Just because Pfizer wants to offer COVID-19 vaccine boosters doesn’t mean people will be lining up anytime soon — U.S. and international health authorities say that for now, the fully vaccinated seem well protected.Globally, experts are watching closely to determine if and when people might need another shot. At the same time, many suggest the priority for the time being should be vaccinations, noting that worrisome coronavirus mutants wouldn’t be popping up so fast if more of the U.S. and the rest of the world had gotten the initial round of shots.“If you want to stop hearing about the variant of the week,” said Jennifer Nuzzo, a Johns Hopkins University public health specialist, “we need to do more work to make sure all countries have more access to vaccines.”Here are some questions and answers about vaccine immunity and boosters.WHAT’S PROMPTING ALL THE BOOSTER DEBATE?U.S. health officials have long said that people one day might need a booster — after all, they do for many other vaccines. That’s why studies are underway to test different approaches: simple third doses, mix-and-match tests using a different brand for a third dose, or experimental boosters tweaked to better match different variants.But last week, Pfizer and its German partner BioNTech announced that in August, they plan to seek Food and Drug Administration authorization of a third dose because it could boost levels of virus-fighting antibodies, possibly helping ward off worrisome mutants.The companies haven’t publicly released data, and U.S. health officials issued a sharp response that boosters aren’t yet needed and that the government, not vaccine makers, will decide if and when that changes.The World Health Organization said Monday there is not enough evidence to show that third doses are needed. It said the scarce shots should be shared with poor countries instead of being used by rich countries as boosters.WHAT’S THE EVIDENCE THAT VACCINE PROTECTION REMAINS STRONG?An Associated Press analysis last month found nearly all COVID-19 deaths in the U.S. are occurring among the unvaccinated.In the last few weeks, infections and hospitalizations have begun rising as the highly contagious delta variant spreads. But the Centers for Disease Control and Prevention says the surges are driven by the least vaccinated parts of a country that has plenty of shots if people would only take them.No vaccine is perfect, meaning fully vaccinated people occasionally will get infected, but those so-called breakthrough cases usually are mild. Officials monitoring the need for boosters are watching closely for any jumps in serious breakthrough infections.So far the news is good: The people first in line for vaccines back in December and January don’t seem to be at higher risk for breakthrough infections than those vaccinated more recently, the CDC’s Dr. Jay Butler said Tuesday.IS THE BOOSTER QUESTION ALL ABOUT NEW VARIANTS?No, scientists also are watching to see how much vaccinated people’s overall immunity to the coronavirus wanes. That, too, could require a booster shot.Virus-fighting antibodies do gradually wane. That’s normal since the body doesn’t need to be on high alert forever.But antibodies aren’t its only defense. By the time those levels drop, the body has formed backups. They include memory B cells that, the next time you’re exposed, “explode, and they start dividing like mad” to make new antibodies, said University of Pennsylvania immunologist Scott Hensley.Another backup: T cells that kill virus-infected cells to help keep a breakthrough case from becoming severe.Lab studies signal antibodies aren’t as potent against the delta variant as they are against some earlier versions of the coronavirus but are still protective. Specialists worry more about the prospect of future mutants that might escape today’s vaccines, something preventable only by cracking down on viral spread everywhere.HOW ARE OTHER COUNTRIES DOING AGAINST THE DELTA VARIANT?Real-world data from England, Scotland, Canada and Israel shows that the vaccines most widely used in Western countries continue to provide strong protection. Researchers in Britain found two doses of the Pfizer vaccine, for example, are 96% protective against hospitalization with the delta variant and 88% effective against symptomatic infection.Israel recently reported preliminary data suggesting protection against mild delta infection has dipped lower, to 64%. But protection against severe illness remained high.There’s less information about how well other vaccines hold up against the delta variant. Thailand announced this week that health workers who had received two doses of a Chinese vaccine would be given a booster shot made by AstraZeneca.COULD SOME PEOPLE NEED A BOOSTER BEFORE THE ENTIRE POPULATION?That’s possible. Israel just began dispensing third doses of the Pfizer vaccine to transplant recipients and other patients with weak immune systems. The reason: People who take certain immune-suppressing medications don’t react as strongly to any vaccinations — not just COVID-19 vaccines — as healthy people.France already had a similar third-dose policy for the immunocompromised. And even though it’s not authorized in the U.S., some transplant recipients seek out a third dose in hopes of more protection.It’s not yet proven if a third dose helps and, if so, who needs one and when. The first large study of the strategy is beginning in thousands of patients in Norway.———The Associated Press Health and Science Department receives support from the Howard Hughes Medical Institute’s Department of Science Education. The AP is solely responsible for all content.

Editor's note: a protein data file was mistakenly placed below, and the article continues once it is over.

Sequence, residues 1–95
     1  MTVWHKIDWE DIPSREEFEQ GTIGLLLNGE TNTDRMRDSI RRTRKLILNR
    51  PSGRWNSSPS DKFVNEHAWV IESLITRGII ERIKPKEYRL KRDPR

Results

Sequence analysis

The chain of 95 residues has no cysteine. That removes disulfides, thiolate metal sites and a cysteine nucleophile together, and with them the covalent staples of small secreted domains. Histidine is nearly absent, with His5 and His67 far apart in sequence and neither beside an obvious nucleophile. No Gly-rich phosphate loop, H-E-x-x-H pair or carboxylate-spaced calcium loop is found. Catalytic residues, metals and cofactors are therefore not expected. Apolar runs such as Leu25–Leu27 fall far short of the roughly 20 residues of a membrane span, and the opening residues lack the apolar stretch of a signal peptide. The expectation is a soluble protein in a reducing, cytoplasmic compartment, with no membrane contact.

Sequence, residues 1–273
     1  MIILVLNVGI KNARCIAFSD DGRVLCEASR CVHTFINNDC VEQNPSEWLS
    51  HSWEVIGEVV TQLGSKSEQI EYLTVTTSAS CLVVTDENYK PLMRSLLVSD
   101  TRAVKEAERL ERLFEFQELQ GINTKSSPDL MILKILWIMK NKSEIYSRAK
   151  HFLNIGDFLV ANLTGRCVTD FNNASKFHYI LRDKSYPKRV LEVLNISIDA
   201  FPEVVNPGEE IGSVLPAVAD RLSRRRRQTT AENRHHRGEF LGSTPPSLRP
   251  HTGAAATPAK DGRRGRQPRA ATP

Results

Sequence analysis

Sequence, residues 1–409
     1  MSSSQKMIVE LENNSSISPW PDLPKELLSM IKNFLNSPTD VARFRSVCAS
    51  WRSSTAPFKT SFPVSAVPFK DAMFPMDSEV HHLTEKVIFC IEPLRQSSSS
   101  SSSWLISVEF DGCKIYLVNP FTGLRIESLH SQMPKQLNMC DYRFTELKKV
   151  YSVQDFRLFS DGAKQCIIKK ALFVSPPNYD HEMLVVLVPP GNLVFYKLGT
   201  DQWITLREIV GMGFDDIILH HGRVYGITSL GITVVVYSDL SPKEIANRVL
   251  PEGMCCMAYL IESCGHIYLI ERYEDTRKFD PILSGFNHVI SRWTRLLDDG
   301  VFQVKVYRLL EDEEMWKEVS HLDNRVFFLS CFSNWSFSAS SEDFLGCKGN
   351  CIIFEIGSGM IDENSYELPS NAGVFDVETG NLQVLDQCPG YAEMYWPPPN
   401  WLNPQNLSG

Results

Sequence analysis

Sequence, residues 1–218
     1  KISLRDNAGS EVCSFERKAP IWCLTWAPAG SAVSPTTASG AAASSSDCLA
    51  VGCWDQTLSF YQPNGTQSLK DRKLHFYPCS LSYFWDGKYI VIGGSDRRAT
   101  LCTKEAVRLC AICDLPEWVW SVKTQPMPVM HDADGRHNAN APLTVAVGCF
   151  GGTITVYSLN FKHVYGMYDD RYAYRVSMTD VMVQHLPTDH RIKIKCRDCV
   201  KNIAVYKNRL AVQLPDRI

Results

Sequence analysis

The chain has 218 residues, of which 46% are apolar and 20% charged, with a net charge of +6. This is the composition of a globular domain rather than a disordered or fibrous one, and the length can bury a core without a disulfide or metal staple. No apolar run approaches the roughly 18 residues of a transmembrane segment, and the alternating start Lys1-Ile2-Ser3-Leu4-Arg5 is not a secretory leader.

COVID vaccines still work against mutant, researchers find

COVID vaccines still work against mutant, researchers find